The picture shows me on my first small cruiser that was my home and sole possesion on which I for the first time I could see my country disapear below the horizon and to make a landfall on a foreign port. True not an ocean passage but the beginning of a new life. The year was 1962 and yachting was very different then.

Regards Yrvind.


About five weeks ago I ordered a heavy bronze plate as a sole for my boat. It is now here.

It will protect Exlex bottom when she is being beached and and handled on other hard surfaces. It will also act as ballast to give needed stability. The wheight is 127 kilos and thirdly bronze have antifouling propreties. Many of the contenders in the Golden Globe Race have serius problems with fouling by goose barnacles. On Exlex with a bronze plate and only 20 cm/ 8 inches draft that will not be a problem. Saddly bronze is wery expensive but it solves many problems. Fortunatly Lagermetall in Örebro have been giving me an very good prize, still this phosphor bronze plate is nearly ruining me so please, if you can afford it send me an contribution.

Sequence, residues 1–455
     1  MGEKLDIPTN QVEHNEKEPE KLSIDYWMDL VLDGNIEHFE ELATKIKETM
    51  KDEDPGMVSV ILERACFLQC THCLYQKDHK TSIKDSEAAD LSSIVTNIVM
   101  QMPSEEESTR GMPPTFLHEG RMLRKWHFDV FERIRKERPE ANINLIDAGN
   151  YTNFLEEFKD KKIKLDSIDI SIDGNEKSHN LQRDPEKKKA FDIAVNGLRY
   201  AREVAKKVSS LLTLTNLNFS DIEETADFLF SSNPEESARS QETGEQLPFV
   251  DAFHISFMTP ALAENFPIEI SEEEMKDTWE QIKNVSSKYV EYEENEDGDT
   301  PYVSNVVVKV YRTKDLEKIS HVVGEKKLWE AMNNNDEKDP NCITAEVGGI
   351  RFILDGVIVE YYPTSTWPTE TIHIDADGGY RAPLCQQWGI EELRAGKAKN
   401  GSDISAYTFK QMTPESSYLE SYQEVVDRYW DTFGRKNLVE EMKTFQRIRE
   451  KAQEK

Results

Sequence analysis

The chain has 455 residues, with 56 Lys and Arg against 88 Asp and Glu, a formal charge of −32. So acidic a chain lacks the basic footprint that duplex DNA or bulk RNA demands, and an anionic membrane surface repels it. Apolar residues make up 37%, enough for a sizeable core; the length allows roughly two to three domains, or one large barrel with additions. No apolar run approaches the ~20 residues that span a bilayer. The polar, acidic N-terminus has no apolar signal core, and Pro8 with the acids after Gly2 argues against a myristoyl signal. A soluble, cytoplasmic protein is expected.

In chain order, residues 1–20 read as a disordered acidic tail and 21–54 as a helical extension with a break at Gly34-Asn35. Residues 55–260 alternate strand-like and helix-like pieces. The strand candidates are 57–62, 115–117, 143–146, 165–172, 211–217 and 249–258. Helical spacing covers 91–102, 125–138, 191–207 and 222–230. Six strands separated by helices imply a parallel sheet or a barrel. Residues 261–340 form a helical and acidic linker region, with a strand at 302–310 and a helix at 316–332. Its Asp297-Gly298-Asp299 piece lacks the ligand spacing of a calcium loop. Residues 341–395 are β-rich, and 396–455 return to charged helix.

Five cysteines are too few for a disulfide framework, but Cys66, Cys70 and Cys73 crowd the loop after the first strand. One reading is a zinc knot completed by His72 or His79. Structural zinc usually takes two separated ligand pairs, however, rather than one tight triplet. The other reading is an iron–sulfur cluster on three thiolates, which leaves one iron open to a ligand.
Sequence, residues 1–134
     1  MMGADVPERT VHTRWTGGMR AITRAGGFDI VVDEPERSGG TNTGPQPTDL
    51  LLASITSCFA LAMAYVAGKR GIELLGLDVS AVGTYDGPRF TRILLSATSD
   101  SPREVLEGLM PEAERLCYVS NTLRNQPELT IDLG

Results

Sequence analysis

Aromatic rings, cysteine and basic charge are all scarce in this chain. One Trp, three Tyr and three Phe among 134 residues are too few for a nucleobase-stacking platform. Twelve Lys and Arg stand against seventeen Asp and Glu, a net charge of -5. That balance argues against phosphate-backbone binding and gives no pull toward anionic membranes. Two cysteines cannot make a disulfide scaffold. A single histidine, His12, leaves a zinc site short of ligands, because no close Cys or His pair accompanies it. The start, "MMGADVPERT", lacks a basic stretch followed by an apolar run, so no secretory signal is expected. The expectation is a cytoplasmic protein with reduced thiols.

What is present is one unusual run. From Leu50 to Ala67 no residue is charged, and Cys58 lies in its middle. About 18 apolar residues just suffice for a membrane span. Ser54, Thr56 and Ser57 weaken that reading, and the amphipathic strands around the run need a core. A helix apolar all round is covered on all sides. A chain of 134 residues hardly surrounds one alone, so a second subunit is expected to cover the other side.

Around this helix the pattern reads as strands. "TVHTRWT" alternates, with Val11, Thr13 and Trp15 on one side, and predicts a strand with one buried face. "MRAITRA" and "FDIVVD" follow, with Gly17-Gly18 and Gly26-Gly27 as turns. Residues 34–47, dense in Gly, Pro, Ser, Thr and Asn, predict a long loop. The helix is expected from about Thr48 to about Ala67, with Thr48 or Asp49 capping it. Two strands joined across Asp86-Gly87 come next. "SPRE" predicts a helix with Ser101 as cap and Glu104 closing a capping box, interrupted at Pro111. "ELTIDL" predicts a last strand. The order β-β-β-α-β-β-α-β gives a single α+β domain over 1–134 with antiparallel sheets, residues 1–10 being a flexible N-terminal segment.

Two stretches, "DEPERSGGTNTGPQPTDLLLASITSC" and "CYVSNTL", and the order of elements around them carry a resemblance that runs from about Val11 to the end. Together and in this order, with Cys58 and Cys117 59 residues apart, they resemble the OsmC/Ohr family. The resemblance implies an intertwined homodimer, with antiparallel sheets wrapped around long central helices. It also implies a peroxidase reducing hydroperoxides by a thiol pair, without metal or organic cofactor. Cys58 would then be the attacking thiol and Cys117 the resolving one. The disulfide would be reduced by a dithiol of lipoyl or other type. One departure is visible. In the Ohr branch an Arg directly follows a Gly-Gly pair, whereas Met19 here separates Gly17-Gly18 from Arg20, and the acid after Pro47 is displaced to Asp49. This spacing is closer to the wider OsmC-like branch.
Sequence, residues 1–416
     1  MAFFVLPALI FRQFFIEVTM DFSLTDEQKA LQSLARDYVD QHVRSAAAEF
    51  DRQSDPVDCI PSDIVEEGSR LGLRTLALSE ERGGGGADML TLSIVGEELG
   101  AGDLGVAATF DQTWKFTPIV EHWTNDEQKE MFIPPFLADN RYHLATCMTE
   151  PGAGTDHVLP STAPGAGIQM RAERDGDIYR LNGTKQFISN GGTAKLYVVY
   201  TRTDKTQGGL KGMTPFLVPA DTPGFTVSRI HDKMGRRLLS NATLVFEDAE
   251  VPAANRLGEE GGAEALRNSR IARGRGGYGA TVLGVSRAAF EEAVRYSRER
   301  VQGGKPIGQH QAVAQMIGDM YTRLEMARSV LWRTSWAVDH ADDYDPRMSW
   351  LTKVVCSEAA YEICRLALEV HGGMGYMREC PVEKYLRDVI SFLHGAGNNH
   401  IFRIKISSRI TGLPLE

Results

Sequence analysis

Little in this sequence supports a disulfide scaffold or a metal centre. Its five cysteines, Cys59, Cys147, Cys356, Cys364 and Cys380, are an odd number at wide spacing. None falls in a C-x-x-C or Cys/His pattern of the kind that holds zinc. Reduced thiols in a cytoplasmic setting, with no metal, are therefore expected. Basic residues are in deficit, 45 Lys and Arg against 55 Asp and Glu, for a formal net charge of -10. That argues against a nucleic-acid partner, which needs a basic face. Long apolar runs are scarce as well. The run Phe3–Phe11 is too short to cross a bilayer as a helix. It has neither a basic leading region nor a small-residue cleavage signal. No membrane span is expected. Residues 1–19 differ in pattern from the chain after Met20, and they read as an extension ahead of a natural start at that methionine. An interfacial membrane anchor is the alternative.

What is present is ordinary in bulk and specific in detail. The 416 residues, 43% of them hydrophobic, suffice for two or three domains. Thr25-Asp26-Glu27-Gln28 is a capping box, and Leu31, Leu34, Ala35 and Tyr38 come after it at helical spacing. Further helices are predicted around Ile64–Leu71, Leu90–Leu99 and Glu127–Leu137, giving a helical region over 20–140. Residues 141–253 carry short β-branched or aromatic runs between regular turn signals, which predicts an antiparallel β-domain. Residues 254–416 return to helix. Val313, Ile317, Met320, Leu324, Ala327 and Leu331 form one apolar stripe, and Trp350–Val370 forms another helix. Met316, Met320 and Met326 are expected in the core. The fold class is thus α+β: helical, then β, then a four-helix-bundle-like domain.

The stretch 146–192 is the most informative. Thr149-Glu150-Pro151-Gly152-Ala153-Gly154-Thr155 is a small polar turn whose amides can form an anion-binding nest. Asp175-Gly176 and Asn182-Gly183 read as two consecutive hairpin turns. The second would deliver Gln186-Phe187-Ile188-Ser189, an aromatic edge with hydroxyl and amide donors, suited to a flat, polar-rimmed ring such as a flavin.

Wevik Maskin AB here in Västervik have kindly put a bend in the strong plate to make it fit the bottom of Exlex Minor. Tomorrow I try to organize a transport to my workshop. This bronze plate is nothing I can carry on my bike.

Below are two photos

Hans and Dennis at Wevik Maskin AB regarding the 2000 X 600 X 12 mm 127 kilo bronze plate that is now in their scilled hands to give a bend that matches Exlex bottom.
The bronze plate in the rollers. Very exciting. Much depends on this plate.

To be continued…

Regards Yrvind.


At the moment I am doing details. Details but details are important and time-consuming.

On Exlex I secured the lunch-box hatches by screws. Some people say that takes to long time. I say I dont mind spend ten secounds to obtain a well secured hatch. Pictures below show how I secured the 30 mm long M8 bronze nuts.